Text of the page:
Wednesday, June 15, 2016

What I've added to my TBR: Political Edition

I definitely chose the right reading goal when I decided to read 12 books about presidents, first ladies, the White House, politics, and American history this year. The publishing industry is capitalizing on the fact that this is an election year...and I'm reaping the benefits! My TBR is overflowing with new and old books that deal with presidents and politics, so many that I needed to give them their own post. So, here are 21 books about politics that I'm absolutely geeking out over.

The Kennedys

Jackie, Ethel, Joan came out back when I knew very little about the Kennedy family. Lately, I've been intrigued by the Kennedy women, especially wanting to know more about Ethel, the widow of Bobby Kennedy, pregnant with their eleventh child when he was assassinated. Author J. Randy Taraborrelli follows up Jackie, Ethel, Joan with After Camelot, which I'm very interested in. It covers the years 1968 to present in the Kennedy family.

And then there's The Kennedy Detail which I can't believe I didn't know about having fallen so deeply in love with Secret Service agent Clint Hill's work with Lisa McCubbin.  

I've been dithering over The Good Son about JFK's relationship with his mother Jackie, but I finally purchased a copy. Christopher Andersen has written so many books about the most famous of the famous, and I'm not sure if that makes me trust him more or less than most.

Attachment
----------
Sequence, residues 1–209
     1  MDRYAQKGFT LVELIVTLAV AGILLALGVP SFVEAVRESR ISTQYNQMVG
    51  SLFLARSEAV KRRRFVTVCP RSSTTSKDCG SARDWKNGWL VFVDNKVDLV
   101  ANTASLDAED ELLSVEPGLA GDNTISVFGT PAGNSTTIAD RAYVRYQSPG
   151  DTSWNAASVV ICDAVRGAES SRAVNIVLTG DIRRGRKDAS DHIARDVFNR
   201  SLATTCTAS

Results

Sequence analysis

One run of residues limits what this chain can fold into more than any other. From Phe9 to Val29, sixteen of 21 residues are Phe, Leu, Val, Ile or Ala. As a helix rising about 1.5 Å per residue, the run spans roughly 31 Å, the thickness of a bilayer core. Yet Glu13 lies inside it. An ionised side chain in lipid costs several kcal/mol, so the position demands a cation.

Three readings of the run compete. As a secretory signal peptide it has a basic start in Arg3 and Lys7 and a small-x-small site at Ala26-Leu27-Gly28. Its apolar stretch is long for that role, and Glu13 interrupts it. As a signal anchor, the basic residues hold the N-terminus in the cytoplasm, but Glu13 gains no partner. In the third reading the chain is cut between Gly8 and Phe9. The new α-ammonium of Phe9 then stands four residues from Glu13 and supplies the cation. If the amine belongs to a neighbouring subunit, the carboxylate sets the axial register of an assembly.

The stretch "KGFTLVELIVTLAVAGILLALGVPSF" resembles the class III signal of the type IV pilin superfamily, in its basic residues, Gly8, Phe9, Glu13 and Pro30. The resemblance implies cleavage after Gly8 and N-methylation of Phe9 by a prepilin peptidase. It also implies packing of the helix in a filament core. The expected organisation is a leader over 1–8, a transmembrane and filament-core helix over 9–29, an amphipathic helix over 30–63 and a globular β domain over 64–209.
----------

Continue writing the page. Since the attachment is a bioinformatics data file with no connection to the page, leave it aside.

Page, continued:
And then there's Ted Kennedy's memoir of his life in politics, True Compass. Now, I was not a fan of Kennedy politically, but I did respect the sincerity of his political views and his willingness to "cross the political aisle" to get things done, so I'm willing to give this tome a chance.

Other Presidents

Ever since reading Bill Bryson's One Summer (I'm pretty sure that's the book I'm thinking of...), I've been intrigued by President Herbert Hoover. There's a new biography coming out about the man in October, and if I can stomach 450 pages about any president by that point, I think I'll buy a copy.

Now, Candice Millard is one of my favorite history authors (more about her below), and her Destiny of the Republic about President Garfield's assassination is one of my favorite books of all time. Author Fred Rosen has a book coming out this September that asserts Garfield's doctor hastened Garfield's death not by the ignorance of antiseptic medicine, but because he wanted to him dead. I'm not sure how I feel about this book, and I'm not sure if I'll read it, but I am intrigued.

Secret Service

Ronald Kessler has written many books about the Secret Service, FBI, and CIA. I tend to have trust issues with journalists who investigate US investigators, but I'm willing to give one or both of these books a chance.

White House service memoirs